What You Need to Know About Young Women and Ovarian Cancer

Ovarian Cancer

When it comes to women’s health, ovarian cancer is a topic that often flies under the radar, among younger women. However, it is important to understand that ovarian cancer can affect women of all ages. In this blog, we will explore the key aspects of cancer in young women, from risk factors to symptoms and prevention strategies.

1. Understanding ovarian cancer

One form of cancer that develops in the ovaries, a component of the female reproductive system, is ovarian cancer.

It usually begins in the ovarian surface epithelial cells. Although ovarian cancer is more common in older women, it can occur in women of all ages, including women in their 20s and 30s.

2. Risk factors for ovarian cancer

1. Family history: Having a family history of cancer or certain other cancers, such as breast or colon cancer, may increase your risk.

2. BRCA Mutation: Women with mutations in the BRCA1 or BRCA2 genes have a higher risk of developing cancer.

3. Age: Although it is less common in younger women, the risk increases with age.63 is the typical diagnostic age for cancer.

4. Endometriosis: Women with endometriosis may have a slightly higher risk of cancer.

3. Signs to watch for

Ovarian cancer is often called the “silent killer” because it can be difficult to detect in its early stages. However, young ladies should be cautious of the following signs:

1. Persistent Abdominal Pain: Frequent or persistent pain in the pelvic or abdominal area is an alarming symptom.

2. Bloating: Consult a healthcare professional if you experience unexplained and persistent bloating.

3. Changes in appetite: Sudden changes in appetite or feeling full quickly can be a warning sign.

4. Changes in urination: Urgency or concentration of urine, along with discomfort, may indicate a problem.

5. Fatigue: Ovarian cancer can cause fatigue that does not improve with rest.

4. Diagnosis and treatment

The key to successfully treating ovarian cancer is early diagnosis.  If you experience any of the symptoms mentioned above, it is imperative to consult a healthcare provider immediately. They may recommend various tests, including pelvic exams, ultrasounds, and blood tests, to diagnose the condition.

Ovarian cancer treatment usually involves surgery to remove the tumor and surrounding tissue, followed by chemotherapy. The specific treatment plan depends on the stage and type of cancer.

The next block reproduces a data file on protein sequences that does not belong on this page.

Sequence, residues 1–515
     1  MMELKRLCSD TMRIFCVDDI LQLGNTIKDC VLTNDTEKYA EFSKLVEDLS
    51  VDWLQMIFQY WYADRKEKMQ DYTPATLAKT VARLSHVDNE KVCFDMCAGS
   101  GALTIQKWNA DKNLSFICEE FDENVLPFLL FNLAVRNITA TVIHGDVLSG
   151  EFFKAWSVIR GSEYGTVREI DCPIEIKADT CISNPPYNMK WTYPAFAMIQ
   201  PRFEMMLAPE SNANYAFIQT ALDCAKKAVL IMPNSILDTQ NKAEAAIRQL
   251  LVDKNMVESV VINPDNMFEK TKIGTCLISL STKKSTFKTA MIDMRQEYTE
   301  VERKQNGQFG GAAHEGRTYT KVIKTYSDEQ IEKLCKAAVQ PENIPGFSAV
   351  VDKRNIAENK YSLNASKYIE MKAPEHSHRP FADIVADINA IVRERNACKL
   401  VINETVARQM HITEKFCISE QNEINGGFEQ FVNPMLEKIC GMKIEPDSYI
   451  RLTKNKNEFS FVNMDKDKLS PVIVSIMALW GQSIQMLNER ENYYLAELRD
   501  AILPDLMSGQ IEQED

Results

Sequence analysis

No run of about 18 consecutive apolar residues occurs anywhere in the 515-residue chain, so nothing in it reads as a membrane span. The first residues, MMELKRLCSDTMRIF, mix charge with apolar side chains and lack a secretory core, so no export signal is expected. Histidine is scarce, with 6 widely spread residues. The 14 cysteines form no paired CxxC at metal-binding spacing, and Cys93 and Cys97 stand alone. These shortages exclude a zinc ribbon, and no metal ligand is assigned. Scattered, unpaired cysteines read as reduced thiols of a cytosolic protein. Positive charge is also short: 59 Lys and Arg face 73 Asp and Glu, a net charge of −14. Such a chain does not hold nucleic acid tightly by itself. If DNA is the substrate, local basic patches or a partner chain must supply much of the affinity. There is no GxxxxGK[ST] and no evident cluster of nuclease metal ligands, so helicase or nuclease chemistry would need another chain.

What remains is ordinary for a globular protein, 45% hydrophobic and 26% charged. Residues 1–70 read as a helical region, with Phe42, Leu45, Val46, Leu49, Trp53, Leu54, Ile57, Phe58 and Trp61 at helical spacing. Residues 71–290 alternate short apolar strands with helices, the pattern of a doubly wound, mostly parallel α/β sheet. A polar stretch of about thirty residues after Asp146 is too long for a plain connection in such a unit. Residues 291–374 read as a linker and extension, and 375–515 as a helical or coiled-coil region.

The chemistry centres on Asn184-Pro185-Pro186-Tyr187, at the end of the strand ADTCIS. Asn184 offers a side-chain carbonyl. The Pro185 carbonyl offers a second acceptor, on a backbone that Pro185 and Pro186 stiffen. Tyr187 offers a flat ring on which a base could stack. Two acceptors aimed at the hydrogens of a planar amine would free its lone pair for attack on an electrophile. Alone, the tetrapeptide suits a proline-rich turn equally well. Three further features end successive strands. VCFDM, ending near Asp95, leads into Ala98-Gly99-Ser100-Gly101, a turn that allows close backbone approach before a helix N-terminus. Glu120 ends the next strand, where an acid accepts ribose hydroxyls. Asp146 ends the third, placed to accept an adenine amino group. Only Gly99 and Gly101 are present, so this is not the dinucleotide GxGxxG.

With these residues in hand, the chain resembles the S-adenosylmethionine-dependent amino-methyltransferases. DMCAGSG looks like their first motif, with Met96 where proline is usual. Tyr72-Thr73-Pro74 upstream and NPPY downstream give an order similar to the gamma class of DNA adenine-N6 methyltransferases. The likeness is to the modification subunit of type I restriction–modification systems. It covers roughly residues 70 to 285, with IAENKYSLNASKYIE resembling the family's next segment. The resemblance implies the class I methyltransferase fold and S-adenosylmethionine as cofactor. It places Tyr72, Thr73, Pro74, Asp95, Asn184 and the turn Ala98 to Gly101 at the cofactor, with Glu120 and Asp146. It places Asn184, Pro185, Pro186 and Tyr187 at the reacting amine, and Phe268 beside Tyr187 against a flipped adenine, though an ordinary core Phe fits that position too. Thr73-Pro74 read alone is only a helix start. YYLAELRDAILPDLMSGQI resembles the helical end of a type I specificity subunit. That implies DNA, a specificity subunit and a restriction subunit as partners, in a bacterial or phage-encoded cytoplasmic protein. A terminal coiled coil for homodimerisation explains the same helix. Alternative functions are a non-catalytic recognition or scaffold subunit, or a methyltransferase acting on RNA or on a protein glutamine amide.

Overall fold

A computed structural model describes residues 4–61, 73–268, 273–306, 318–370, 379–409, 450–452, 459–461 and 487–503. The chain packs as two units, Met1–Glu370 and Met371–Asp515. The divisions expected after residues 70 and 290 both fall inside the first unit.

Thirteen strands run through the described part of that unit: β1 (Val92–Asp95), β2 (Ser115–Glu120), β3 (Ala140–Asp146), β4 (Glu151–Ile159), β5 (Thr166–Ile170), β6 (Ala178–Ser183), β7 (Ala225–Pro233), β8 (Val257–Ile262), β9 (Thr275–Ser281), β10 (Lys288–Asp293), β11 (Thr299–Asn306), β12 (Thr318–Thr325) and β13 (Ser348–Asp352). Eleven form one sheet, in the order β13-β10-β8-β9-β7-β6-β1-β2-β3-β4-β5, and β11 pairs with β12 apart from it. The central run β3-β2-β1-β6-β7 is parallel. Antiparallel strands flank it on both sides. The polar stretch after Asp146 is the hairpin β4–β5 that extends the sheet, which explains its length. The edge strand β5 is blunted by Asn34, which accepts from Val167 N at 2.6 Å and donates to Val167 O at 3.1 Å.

Medical history and physical examination: The diagnostic process usually begins with a comprehensive medical history review and a physical examination by a health care provider, often a gynecologist or gynecologic oncologist. They will inquire about symptoms, risk factors, and family history.

Imaging studies:

Transvaginal ultrasound: A transvaginal ultrasound is a common initial test used to visualize the ovaries and evaluate for any abnormalities or cysts.

CT scan or MRI: Computed tomography (CT) scan or magnetic resonance imaging (MRI) can provide more detailed images of the pelvic area and abdomen.

Blood tests:

CA-125 test: This blood test measures levels of the CA-125 tumor marker, which is often elevated in ovarian cancer. However, CA-125 levels can also be elevated due to other conditions, so it is not entirely reliable for diagnosis.


Surgical biopsy: In many cases, a surgical procedure known as laparoscopy or laparotomy is performed to obtain a tissue sample for biopsy. This method allows a specific diagnosis by examining the tissue under a microscope.

4.1 Staging:

After diagnosis, staging is done to determine the extent of cancer spread. Staging helps guide treatment decisions.

4.2 Treatment:

Treatment for ovarian cancer is usually personalized based on factors such as the stage, type of ovarian cancer, the patient’s overall health, and their preferences. This often involves a combination of the following methods:


The goal of surgery is to remove the largest portion of the tumor. One or both ovaries, the uterus, the fallopian tubes, surrounding lymph nodes, and any palpably malignant tissue in the abdomen might be removed.

5. Prevention and Awareness

Although some risk factors for ovarian cancer, such as family history and genetics, are beyond your control, there are steps you can take to reduce your risk and increase awareness:

1. Know your family history: Understanding your family’s medical history can help you and your healthcare provider assess your risk.

2. Regular check-ups: Go in for routine gynecological exams and talk to your doctor about any symptoms or concerns.

3. Healthy lifestyle: Maintaining a healthy weight, being physically active, and eating a balanced diet can contribute to overall wellness and potentially reduce your risk.

4. Awareness: Educate yourself and others about ovarian cancer symptoms and risk factors regardless of age.

5. Promote genetic testing: If breast or ovarian cancer runs in your family, you may want to pursue genetic testing to determine your risk.

6. Leading healthcare with experts

8. Tata Memorial Hospital, Mumbai

Specialties: Tata Memorial Center is a premier cancer treatment and research center in India, specializing in the diagnosis and treatment of various cancers, including ovarian cancer.


Ovarian cancer is a challenging and often overlooked health problem in young women. Understanding risk factors, symptoms, and available support can make a significant difference in early detection and successful treatment. If you or someone you know is facing cancer, remember that there is a community of resources and support available to help navigate this journey. We can strive toward a time when ovarian cancer is less harmful for women of all ages by raising awareness and promoting research.

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